By Maria Cook
The Whitestown Police Dept has launched a new program which aims to protect citizens from scammers and help stranded travelers and others in need. The program, called Emergency Response In Kindness Assistance, shortened to E.R.I.K.A., is named for Whitestown resident Erika Shepherd, who was approached by someone asking for money earlier this year. Shepherd wanted to help, but suspected that the person might be a scammer, once they asked her to drive them to an ATM.
“The woman (told Shepherd) she’d recently broken up with her boyfriend and needed money to
get back home, out of state, to her family,” said Tanya Sumner, director of public relations for
Whitestown. “When the resident, Erika, said she had no cash, the woman asked Erika to drive her to an ATM. Erika suspected it was scam.”
Whitestown police are familiar with many stories like Shepherd’s, in which citizens feel caught between protecting themselves and assisting others. The E.R.I.K.A. Program will allow Whitestown police to intervene in such cases and offer $25 prepaid cards to stranded travelers or anyone with a legitimate, emergency need.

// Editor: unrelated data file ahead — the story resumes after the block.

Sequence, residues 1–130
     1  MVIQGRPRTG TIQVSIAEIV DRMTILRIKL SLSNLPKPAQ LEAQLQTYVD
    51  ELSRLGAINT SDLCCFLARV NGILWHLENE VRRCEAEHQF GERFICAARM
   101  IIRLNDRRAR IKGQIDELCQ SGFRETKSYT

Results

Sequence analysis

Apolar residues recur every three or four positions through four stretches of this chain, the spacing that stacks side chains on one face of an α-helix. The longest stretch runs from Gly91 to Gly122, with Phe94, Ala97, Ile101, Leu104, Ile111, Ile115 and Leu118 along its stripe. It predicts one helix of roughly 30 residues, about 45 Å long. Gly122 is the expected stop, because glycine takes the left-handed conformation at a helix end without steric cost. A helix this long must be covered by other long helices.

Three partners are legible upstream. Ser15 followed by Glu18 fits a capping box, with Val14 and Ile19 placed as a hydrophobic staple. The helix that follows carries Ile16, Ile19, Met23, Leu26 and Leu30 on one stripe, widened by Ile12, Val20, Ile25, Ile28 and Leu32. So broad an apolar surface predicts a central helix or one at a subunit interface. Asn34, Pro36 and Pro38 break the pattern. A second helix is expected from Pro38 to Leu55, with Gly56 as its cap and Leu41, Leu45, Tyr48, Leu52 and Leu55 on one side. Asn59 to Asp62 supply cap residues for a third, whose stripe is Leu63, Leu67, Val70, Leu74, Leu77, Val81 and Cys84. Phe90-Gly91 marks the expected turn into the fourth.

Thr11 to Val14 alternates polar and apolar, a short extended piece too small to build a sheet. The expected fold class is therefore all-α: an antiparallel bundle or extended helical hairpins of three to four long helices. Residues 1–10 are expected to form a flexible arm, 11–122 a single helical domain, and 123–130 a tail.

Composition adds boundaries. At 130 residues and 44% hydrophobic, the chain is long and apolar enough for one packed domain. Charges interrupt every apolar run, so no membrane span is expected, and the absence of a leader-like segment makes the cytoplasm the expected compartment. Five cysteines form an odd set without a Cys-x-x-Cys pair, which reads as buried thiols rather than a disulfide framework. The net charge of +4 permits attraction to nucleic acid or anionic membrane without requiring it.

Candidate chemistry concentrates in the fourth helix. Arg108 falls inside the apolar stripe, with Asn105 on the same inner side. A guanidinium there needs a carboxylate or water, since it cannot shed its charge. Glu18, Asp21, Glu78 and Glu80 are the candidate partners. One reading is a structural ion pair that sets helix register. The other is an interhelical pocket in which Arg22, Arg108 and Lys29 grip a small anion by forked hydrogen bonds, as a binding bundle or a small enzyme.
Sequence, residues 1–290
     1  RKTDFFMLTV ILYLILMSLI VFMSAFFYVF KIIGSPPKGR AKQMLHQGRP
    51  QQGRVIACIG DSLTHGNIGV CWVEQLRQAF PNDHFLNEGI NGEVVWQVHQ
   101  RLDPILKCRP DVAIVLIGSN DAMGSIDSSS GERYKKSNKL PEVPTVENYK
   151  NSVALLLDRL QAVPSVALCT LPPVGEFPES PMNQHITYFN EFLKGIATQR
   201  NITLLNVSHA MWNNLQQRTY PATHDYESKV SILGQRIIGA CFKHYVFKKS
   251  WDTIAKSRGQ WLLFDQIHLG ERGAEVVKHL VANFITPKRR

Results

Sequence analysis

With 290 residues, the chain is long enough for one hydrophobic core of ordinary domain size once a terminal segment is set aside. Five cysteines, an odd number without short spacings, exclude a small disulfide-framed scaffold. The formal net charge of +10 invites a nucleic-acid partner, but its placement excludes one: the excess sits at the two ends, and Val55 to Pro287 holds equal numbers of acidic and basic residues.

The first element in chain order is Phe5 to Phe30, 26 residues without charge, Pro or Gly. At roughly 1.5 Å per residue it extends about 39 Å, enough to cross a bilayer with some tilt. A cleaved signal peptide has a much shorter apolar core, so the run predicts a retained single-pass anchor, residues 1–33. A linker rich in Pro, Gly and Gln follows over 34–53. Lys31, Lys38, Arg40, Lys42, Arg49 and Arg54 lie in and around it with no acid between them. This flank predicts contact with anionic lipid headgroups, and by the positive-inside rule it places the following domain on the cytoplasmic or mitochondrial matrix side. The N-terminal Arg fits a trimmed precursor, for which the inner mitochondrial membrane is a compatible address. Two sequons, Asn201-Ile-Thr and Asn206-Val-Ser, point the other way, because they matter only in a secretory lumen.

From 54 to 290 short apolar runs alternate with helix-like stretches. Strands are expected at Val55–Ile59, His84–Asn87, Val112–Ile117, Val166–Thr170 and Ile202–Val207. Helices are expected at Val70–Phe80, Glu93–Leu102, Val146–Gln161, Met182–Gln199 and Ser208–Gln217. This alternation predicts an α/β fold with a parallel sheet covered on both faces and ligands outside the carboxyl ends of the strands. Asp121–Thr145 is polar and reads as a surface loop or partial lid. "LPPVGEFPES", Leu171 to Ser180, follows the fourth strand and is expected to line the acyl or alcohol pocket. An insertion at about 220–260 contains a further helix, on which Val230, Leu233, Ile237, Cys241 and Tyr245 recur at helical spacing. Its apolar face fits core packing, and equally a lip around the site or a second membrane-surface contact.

“We’re always encountering people who are running out of gas,” said Whitestown Police Chief Dennis Anderson. “We had an incident last fall where a mother and her kids were traveling and the battery went bad in her minivan. She had money on her, but not enough for a battery. That kind of assistance is what we’re looking to be able to provide.”
Anderson also said that the program is designed to discourage scammers.
“If I’m a scammer, the last thing I want to do is have a conversation with law enforcement. So, if you tell someone asking for money that the police can assist them and they say ‘no, no, nevermind’, you’ve probably avoided being scammed.”
The program is simple. Police dept. supervisors distribute $25 gift cards to officers, who give them to people who have a genuine immediate need, such as a vehicle breakdown.
Whitestown recently implemented the E.R.I.K.A. program and is the sole town using it, for now, though Anderson is hopeful that similar programs may spread through the state if E.R.I.K.A. is successful.
“I think any time that you’re doing community policing, it has a positive impact. The role of law enforcement is to help people in need and that’s what this program is,” Anderson said.